Of transparency and scientific integrity
Article published on 11 October 2008

by Irna

Mr. Osmanagic’s "Archaeological Park: Bosnian Pyramid of the Sun" Foundation claims that its work is "transparent" (en) (see also its statutes (bs)). One particularly notable example of this "transparency" and scientific integrity is that of the report by the archaeologist Andrew Lawler. I have succeeded in obtaining from the author (who left the Foundation, partly because of this same episode) the original of the report whose subject was the radiocarbon dating of a piece of fossil wood found in Ravne tunnel. This original report can be found below:

Rapport originel d’Andrew Lawler
Andrew Lawler’s original report

But, under pressure from Mr. Osmanagic according to Mr. Lawler, the version of this report that was presented at the "First International Scientific Conference about the Bosnian pyramids" in September 2008 in Sarajevo has been heavily "amended"; Mr. Osmanagic thought that the original one contained "too much geology" and "too much guesswork". So the following version was the one publicly presented in Sarajevo:

Rapport modifié par M. Osmanagic présenté à la conférence de Sarajevo
The report, incorporating Mr. Osmanagic’s suggested amendments, that was presented to the Sarajevo conference

And, lastly, a third, much shorter, version, was published on the conference website (section "reports" (en)) and on the Foundation website (en):

Rapport publié par la Fondation
The report published by the Foundation - Source

It is instructive to compare the three versions of this report. At the beginning, each of the three is identical: introduction, sampling, results from Kiel and informations about the methodology used by the laboratory. But, as I had already noted here and there, the version published on the Foundation website then stops abruptly, and doesn’t mention a word concerning the implications of this result. The other two versions both contain the discussion announced in the introduction (implications of result and implications for further research), as well as a bibliography, but with important differences between the original report and the "amended" report presented at the conference.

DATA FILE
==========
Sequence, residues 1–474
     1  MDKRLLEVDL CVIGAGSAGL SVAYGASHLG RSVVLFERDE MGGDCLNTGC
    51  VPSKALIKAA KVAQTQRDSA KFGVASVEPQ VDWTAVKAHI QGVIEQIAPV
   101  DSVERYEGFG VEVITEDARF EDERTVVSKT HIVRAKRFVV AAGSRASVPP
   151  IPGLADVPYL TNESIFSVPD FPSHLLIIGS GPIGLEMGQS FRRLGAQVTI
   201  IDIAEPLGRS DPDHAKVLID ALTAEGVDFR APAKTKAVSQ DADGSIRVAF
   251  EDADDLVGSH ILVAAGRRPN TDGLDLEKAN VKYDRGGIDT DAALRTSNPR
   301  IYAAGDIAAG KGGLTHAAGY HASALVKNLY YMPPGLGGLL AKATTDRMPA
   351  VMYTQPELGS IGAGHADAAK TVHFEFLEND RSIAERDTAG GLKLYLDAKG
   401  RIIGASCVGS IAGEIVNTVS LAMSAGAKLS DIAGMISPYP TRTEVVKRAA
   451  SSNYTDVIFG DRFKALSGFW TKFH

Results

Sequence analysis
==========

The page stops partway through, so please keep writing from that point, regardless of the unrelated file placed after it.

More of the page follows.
Andrew Lawler’s original report in fact clearly mentions (pages 7 and 8) the discrepancy between the age, obtained by radiocarbon dating, of the sample (about 30,000 years) and the Miocene age (at least 6 to 7 million years) accepted by the Bosnian geologists for the conglomerate in which the sample was found; and it rightly notes that the only one who gives a Quaternary age for this conglomerate is the Egyptian geologist, invited by the Foundation, Mr. Barakat (see this article for more details). The British archaeologist refuses to decide between the two options, the one presented (and never subjected to scientific consideration) by a single Egyptian geologist, and the one accepted by the local geology experts; but he discusses the two scenarios and their various implications concerning the deposition of the sample of wood [1].

Now, though, this whole discussion has disappeared from the amended version of the report, the only one that was presented to the participants in the Sarajevo conference. In the new version, there is no mention of the ideas of the local geologists (every reference to them has also disappeared from the bibliography, whereas the original bibliography gave the reference of two geological maps of Visoko region); the only option that appears in this second version of the report (pages 5 and 6) is of a recent age, Holocene or Pleistocene, for the conglomerates, and the single geological reference given is the 2006 "report" by Dr. Barakat - in which the Ravne conglomerates are only mentioned in one sentence.

Similarly, the implications for future research (pages 8 and 9 in the original report, page 7 in the amended version) are quite different: while Mr. Lawler’s original report stressed the necessity for an independent geological study of the conglomerates ("the priority in regards to further research leading to an accurate dateline of events in the Ravne tunnel system should be to ascertain the geological age of the medium into which the tunnels were originally cut"), the report amended by Mr. Osmanagic concludes that the sediment is certainly of recent date: "As the dates given by the AMS 14C laboratories comply with the suggested age of the sediments"... forgetting that this age is "suggested" -and that’s the most apposite word here- only by Mr. Barakat.

The curious-minded reader may enjoy picking out further minor variations between the two versions of the report. These changes are not anecdotal: added to the numerous other instances of lies or omissions, already mentioned in the recent past, they confirm, if confirmation was required, that the work of a Foundation which conceals or censors the reports of its own researchers is anything but "transparent" and honest.